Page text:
MERZ Building

The reconstruction of the Merz Building was based on the stereometric analysis
of three wide-angle shots dating from 1932.

The axes of the three photographs are positioned at an angle of between
80 and 100 degrees; certain elements of the pictures are found in two out
of three shots, and one (single) corner appears in all three. This was enough
to provide the basis for a three-dimensional reconstruction.

There were various practical difficulties: both the optical capability
and the standpoint of each camera was unknown, and so was the size of the
room. The room itself is incidentally only faintly discernible in two places
in the photos, since the Merz Building grew rampantly into the middle of the
room. After receiving various kinds of misleading information (for instance
a sheet showing a house plan, dating from the war years and indicating emergency
accommodation), the plan of an apartment was found which was identified by
the artist’s son, Ernst Schwitters, as a hand-sketch made by his grandfather.
When his grandfather had measured out the room, it was still empty; thus we
finally discovered its exact size.

The optical conditions of the photographs (shifts in the subject’s position,
the tilt of planes of both image and lens) proved extraordinarily complex;
however, the main difficulty was to determine the aperture of the lens.

The solution was provided by the stereometric registration of a particular
object that appears in two of the three photographs, namely the ‘planing bench’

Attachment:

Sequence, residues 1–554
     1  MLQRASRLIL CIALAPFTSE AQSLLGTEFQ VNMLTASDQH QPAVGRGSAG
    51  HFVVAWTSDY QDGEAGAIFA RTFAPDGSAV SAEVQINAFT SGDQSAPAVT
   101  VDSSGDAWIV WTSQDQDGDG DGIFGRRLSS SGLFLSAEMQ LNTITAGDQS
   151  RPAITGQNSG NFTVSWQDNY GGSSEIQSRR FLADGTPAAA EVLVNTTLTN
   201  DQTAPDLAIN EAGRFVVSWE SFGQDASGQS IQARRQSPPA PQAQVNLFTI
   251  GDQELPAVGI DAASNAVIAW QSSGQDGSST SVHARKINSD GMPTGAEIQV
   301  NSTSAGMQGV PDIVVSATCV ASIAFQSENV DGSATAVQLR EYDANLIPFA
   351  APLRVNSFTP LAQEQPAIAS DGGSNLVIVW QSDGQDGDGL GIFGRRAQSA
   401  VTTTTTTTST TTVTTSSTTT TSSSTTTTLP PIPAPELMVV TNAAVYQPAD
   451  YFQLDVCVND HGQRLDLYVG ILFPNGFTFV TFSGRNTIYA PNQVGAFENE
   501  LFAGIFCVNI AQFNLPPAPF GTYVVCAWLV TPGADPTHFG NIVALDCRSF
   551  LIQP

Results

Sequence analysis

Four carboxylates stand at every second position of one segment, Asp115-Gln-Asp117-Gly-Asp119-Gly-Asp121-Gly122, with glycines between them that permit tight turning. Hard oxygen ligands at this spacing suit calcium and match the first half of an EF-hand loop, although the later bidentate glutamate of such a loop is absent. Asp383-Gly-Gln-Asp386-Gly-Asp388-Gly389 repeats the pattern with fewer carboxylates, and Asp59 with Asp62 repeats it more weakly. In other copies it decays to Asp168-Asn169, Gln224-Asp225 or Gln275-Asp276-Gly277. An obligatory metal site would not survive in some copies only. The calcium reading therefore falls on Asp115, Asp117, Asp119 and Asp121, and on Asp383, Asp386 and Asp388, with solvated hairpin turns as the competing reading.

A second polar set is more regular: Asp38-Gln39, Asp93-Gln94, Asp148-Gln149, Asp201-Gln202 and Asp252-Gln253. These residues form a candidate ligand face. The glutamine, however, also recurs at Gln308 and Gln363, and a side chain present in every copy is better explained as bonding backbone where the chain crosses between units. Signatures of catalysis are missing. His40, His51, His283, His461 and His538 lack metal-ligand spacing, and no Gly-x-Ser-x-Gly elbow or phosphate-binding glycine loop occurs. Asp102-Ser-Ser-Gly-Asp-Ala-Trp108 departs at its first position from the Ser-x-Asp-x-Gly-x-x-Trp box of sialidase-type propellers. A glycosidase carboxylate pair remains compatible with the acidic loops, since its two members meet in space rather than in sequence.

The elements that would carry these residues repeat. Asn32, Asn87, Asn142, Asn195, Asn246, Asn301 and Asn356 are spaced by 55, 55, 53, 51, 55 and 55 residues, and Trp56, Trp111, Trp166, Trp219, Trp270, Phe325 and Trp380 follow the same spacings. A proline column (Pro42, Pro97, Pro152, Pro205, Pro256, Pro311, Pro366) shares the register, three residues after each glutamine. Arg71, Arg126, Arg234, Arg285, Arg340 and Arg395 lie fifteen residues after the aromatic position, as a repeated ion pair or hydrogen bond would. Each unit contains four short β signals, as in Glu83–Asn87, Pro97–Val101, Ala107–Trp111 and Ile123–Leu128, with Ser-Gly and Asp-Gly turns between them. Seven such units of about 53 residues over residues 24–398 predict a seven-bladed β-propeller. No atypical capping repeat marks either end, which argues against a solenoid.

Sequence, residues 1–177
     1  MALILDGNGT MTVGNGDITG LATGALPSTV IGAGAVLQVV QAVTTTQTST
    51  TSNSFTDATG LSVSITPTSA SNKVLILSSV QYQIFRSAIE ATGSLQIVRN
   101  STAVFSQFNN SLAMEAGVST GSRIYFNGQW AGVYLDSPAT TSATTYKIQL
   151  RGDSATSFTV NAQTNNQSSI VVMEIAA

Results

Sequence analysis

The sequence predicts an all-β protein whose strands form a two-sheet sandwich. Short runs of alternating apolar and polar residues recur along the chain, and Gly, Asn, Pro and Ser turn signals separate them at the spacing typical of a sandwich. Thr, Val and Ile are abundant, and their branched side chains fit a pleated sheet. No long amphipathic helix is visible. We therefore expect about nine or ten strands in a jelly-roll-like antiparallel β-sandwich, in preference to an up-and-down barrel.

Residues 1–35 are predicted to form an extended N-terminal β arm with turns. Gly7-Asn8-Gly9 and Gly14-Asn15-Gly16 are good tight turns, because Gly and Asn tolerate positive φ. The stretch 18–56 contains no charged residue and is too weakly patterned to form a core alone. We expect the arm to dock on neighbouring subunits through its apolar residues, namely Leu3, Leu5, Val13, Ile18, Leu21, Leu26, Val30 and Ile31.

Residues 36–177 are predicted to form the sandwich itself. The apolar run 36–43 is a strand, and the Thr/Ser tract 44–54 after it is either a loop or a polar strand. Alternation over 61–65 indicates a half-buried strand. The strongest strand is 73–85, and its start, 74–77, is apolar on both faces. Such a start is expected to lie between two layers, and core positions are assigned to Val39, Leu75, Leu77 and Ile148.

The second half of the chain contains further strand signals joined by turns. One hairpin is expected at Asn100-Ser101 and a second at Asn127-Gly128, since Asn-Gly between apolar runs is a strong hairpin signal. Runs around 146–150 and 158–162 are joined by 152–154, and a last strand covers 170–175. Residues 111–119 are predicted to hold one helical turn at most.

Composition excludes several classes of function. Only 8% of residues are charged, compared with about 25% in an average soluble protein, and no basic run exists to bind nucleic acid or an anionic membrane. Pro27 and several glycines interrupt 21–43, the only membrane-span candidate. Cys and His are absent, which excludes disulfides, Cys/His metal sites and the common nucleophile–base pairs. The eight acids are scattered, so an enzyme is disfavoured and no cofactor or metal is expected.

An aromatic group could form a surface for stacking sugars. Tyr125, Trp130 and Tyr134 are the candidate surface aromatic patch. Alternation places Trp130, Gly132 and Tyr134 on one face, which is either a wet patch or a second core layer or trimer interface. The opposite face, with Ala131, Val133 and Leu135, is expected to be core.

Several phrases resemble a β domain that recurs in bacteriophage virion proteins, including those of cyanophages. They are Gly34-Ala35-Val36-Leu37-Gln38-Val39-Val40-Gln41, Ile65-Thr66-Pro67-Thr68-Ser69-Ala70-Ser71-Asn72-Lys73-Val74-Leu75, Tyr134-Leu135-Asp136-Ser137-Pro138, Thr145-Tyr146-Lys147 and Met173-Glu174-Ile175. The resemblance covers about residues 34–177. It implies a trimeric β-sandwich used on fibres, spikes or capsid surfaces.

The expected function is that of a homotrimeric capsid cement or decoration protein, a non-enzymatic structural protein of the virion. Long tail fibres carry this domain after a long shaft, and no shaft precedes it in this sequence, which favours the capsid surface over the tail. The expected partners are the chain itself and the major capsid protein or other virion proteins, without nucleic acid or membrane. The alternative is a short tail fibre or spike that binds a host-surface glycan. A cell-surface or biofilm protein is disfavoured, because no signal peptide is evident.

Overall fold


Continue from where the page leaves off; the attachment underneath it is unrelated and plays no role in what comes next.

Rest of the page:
(all the different parts of the Merz Building have been named, some by Schwitters,
others by me). Moreover, the cameras ‘see one another simultaneously’, which
means each camera’s standpoint can be analogously defined as a point within
the other two pictures.

These two facts suggest the following principle of action: If the perspective
lines of the edges of the planing bench are drawn as geometric projections
from the points in the pictures while taking all possible manipulations into
account (focus, camera tilt, tilt of planes, etc.), at the right aperture
they appear vertically aligned.

(Got that? . . .)

Only after these mental steps, and only at this point, did I take up on
my iterative path (that is in my infinite approach to a sought-after figure)
the aid of a programmable pocket calculator (model HP 41), to give a mathematical
and therefore more precise rendition of the solution in my drawing.

The figure I arrived at gave me an aperture of 14.08 cm. An unbelievable
size! But further research at the ETH in Zurich, in old catalogues of the
Institute of Photography, proved the existence of a Zeiss lens called ‘Protar’,
in use since 1892 and a favourite of professional photographers, which had
a maximum aperture of 14.1 cm.

Eureka ! !

Now all that was needed was the ‘fine-tuning’. After months of pushing,
tilting, lifting and calculating, the approximation to the camera standpoints
became so close that each individual spot in the photographs could be retrospectively
projected, plotted, measured and, since it was defined by more than one source,
back-checked. ...

Peter Bissegger, 1988